A satellite image shows a close-up of troops and equipment at Oktyabrskoye air base, Crimea February 10, 2022. 2022 Maxar Technologies/Handout via REUTERS
- National security adviser says air attack likely first
- New Russian deployments detected by satellite
- Moscow says response to its demands shows ‘disrespect’
MOSCOW/WASHINGTON, Feb 11 (Reuters) – Russia has massed enough troops near Ukraine to launch a major invasion, Washington said on Friday, as it urged all U.S. citizens to leave the country within 48 hours.
A Russian attack could begin any day and would likely start with an air assault, while a rapid advance on Kyiv was also possible, White House national security adviser Jake Sullivan told a media briefing.
It remains unclear, Sullivan said, whether Russian President Vladimir Putin had definitively given an order to start an invasion. Sullivan said he expected U.S. President Joe Biden to seek out a phone call with Putin soon on the crisis.
Earlier, as Moscow further stiffened its response to Western diplomacy, commercial satellite images from a private U.S. company showed new Russian military deployments at several sites near the border.
After telling NBC News that things in Ukraine “could go crazy quickly,” Biden held a phone call on the crisis with the leaders of Britain, Canada, France, Germany, Poland and Romania, as well as the heads of NATO and the EU.
Following that meeting and with alarm spreading, British Prime Minister Boris Johnson joined a handful of other nations in urging their citizens to leave Ukraine.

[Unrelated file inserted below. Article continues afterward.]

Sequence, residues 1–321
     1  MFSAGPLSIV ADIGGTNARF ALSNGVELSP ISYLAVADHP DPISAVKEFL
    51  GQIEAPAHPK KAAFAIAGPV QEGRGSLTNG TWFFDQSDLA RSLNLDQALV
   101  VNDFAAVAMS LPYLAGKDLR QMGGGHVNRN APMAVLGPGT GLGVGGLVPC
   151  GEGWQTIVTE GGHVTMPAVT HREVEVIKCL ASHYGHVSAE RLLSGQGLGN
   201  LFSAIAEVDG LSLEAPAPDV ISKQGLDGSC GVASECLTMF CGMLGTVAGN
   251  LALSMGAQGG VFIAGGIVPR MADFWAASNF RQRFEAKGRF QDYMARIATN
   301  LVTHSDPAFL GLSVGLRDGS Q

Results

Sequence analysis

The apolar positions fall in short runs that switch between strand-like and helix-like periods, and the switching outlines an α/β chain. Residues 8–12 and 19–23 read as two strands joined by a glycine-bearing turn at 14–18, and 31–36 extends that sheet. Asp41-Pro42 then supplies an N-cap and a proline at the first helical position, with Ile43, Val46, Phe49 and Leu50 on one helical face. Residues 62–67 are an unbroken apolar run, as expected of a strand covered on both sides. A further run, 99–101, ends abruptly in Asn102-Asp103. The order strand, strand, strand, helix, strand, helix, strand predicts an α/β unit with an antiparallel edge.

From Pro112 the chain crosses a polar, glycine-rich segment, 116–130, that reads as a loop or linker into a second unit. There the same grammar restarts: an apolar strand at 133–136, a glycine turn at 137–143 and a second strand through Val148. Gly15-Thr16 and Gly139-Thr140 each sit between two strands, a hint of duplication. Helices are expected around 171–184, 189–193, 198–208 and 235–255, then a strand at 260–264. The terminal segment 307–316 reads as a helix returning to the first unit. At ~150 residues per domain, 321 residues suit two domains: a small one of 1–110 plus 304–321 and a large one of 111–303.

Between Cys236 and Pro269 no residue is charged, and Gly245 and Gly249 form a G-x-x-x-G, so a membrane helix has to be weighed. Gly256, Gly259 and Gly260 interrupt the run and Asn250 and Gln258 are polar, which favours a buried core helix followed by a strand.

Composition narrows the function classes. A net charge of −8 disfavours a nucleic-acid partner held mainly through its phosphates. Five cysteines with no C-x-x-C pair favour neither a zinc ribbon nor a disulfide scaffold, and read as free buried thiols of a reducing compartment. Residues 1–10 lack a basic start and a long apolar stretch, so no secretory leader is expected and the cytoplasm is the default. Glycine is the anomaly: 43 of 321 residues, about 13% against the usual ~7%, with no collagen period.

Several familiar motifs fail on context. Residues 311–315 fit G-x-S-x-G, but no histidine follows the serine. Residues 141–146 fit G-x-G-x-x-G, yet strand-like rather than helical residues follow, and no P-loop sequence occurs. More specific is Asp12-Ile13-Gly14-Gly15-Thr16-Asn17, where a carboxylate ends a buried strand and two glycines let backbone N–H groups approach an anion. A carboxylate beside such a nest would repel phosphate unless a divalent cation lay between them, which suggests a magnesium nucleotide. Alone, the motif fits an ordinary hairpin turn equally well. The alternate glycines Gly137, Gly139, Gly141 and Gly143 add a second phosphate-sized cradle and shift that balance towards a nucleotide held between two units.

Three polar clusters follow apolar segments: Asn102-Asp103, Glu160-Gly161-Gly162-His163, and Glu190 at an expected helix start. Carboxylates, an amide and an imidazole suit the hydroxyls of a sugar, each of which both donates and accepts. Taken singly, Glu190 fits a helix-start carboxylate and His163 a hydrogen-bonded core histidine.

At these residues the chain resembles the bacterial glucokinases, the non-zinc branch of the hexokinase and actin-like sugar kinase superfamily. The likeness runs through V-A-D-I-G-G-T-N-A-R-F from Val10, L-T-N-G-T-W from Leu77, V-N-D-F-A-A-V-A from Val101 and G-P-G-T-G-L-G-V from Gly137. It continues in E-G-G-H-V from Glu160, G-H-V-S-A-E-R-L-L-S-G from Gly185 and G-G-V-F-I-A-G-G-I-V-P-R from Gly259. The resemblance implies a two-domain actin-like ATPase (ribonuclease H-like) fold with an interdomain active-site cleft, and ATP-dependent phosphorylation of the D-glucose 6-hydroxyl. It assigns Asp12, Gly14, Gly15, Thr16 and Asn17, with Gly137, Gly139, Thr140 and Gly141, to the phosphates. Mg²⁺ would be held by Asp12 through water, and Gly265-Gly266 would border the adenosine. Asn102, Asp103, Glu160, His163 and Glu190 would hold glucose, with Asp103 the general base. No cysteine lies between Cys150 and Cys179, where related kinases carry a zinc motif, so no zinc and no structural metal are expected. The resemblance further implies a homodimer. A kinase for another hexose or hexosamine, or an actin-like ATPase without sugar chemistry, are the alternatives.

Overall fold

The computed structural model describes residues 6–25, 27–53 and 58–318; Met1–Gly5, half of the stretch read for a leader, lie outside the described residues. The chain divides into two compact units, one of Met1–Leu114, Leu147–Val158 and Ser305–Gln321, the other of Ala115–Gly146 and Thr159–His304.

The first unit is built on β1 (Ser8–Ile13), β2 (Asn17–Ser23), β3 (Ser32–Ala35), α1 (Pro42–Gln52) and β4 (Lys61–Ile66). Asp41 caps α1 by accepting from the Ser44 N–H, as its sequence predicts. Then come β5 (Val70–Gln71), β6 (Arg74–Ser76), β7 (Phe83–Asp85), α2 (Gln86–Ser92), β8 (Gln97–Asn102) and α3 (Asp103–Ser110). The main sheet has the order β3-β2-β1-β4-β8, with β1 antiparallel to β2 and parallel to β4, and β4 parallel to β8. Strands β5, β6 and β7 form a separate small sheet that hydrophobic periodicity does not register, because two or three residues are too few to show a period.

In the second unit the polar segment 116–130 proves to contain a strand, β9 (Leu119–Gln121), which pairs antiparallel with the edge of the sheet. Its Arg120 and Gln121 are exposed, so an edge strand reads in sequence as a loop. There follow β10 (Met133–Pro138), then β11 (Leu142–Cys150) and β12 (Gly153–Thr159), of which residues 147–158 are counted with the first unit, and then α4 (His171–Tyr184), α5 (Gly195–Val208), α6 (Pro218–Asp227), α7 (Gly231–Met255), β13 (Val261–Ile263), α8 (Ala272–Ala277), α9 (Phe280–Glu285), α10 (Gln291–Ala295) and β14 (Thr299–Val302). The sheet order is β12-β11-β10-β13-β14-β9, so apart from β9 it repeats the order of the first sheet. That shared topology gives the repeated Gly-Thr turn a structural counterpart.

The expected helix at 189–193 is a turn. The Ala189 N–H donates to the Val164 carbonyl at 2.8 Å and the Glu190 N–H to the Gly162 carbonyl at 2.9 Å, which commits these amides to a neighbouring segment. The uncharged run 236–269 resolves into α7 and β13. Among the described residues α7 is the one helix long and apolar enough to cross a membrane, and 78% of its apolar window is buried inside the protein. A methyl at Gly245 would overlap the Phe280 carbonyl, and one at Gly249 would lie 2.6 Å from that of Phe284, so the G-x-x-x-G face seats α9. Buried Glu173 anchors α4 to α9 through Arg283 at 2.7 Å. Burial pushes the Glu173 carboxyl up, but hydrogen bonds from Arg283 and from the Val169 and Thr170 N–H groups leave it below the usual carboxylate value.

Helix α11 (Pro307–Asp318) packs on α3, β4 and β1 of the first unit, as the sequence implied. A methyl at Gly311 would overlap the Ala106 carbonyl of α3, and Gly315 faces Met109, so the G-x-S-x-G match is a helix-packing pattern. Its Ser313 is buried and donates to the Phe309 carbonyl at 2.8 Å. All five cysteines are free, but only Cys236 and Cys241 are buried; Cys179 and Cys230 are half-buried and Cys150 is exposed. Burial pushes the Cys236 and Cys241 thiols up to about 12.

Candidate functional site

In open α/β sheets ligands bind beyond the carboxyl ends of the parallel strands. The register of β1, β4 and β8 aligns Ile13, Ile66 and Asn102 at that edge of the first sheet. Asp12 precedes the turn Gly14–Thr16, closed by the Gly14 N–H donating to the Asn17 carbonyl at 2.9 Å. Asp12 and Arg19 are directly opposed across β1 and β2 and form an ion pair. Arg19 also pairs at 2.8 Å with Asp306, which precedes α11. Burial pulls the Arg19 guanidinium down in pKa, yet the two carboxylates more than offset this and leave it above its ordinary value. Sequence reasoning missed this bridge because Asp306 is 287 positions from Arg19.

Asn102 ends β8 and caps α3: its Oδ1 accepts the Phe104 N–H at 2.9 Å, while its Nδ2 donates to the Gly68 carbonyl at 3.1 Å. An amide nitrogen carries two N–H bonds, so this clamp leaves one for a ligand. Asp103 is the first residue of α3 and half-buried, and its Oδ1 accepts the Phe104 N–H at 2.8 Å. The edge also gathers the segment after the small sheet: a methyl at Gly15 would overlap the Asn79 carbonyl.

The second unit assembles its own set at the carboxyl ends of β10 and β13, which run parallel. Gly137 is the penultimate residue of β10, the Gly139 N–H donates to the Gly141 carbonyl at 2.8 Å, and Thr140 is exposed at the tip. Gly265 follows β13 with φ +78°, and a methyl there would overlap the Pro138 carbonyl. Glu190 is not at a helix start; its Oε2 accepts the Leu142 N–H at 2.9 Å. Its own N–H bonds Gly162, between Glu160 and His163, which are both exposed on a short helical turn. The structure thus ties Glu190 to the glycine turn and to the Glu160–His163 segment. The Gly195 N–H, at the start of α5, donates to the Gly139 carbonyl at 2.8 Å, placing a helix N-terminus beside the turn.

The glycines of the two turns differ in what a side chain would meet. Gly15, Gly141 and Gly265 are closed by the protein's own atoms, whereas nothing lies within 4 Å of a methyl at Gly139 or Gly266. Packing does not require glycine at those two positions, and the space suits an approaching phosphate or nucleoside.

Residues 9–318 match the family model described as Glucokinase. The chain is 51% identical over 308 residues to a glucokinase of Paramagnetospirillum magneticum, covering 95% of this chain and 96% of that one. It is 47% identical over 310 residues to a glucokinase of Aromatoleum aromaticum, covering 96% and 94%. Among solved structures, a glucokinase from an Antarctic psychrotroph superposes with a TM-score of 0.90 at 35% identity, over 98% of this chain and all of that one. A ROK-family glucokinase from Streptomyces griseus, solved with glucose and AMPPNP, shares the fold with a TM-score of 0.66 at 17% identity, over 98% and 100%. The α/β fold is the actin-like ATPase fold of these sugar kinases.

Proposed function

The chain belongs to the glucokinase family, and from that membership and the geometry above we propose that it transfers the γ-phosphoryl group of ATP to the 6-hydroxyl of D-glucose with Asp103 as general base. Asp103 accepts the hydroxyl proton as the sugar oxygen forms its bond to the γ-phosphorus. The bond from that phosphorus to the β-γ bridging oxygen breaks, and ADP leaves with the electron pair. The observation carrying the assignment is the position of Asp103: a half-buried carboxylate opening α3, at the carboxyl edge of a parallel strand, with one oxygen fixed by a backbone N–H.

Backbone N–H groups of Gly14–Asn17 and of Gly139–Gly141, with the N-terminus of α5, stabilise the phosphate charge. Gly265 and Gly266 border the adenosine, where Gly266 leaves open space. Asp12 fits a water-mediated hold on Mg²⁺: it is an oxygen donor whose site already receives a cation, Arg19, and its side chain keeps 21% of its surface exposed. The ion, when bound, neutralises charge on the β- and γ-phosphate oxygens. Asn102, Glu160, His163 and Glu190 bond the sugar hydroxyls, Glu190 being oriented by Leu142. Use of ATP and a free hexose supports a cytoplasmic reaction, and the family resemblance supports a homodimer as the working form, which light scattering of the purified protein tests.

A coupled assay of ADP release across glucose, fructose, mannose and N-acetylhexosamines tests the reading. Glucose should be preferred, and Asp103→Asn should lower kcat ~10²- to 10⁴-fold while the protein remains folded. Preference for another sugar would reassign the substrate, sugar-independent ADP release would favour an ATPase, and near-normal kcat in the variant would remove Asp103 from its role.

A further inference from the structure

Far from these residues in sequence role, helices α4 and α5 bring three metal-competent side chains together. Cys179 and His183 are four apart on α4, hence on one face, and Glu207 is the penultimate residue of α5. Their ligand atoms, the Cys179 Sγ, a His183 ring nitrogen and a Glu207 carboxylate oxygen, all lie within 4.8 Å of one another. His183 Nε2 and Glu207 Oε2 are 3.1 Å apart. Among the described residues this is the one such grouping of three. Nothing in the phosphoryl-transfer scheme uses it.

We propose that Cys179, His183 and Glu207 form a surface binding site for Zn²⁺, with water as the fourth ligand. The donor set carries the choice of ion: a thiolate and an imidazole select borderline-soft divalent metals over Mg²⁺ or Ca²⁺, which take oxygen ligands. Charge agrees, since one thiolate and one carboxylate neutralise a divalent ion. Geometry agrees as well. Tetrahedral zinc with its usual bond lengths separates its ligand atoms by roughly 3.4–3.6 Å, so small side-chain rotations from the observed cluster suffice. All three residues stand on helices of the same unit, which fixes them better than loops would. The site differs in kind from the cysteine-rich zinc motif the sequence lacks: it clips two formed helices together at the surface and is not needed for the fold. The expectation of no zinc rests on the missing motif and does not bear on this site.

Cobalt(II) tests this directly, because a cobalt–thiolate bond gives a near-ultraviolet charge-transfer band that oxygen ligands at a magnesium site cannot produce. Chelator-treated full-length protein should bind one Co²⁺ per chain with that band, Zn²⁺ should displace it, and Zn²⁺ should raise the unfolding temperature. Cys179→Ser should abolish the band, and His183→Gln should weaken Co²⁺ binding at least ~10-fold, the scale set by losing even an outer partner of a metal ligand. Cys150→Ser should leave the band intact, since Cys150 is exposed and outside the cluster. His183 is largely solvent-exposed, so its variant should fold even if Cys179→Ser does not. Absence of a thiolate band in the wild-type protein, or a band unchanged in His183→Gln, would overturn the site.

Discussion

Johnson told the meeting that he feared for the security of Europe and stressed the need for “a heavy package of economic sanctions ready to go, should Russia make the devastating and destructive decision to invade Ukraine,” his office said.
Moscow, meanwhile, said answers sent this week by the EU and NATO to its security demands showed “disrespect”.
Biden met his national security advisers overnight, a source familiar with the meeting said. U.S. officials believed the crisis could be reaching a critical point, with rhetoric from Moscow hardening, six Russian warships reaching the Black Sea, and more Russian military equipment arriving in Belarus, the source said.
“We’re in a window when an invasion could begin at any time, and to be clear, that includes during the Olympics,” said Secretary of State Antony Blinken. The Beijing Games end on Feb. 20.
“Simply put, we continue to see very troubling signs of Russian escalation, including new forces arriving at the Ukrainian border.”
Russia has denied it plans to invade Ukraine.
Stocks extended declines in the late afternoon, with the S&P 500 index recently down around 1.3%. The dollar, often seen as a destination for nervous investors, was recently up 0.2% against a basket of its peers.
Reporting by Reuters bureaux Writing by John Stonestreet and Peter Graff, Editing by William Maclean and Rosalba O’Brien
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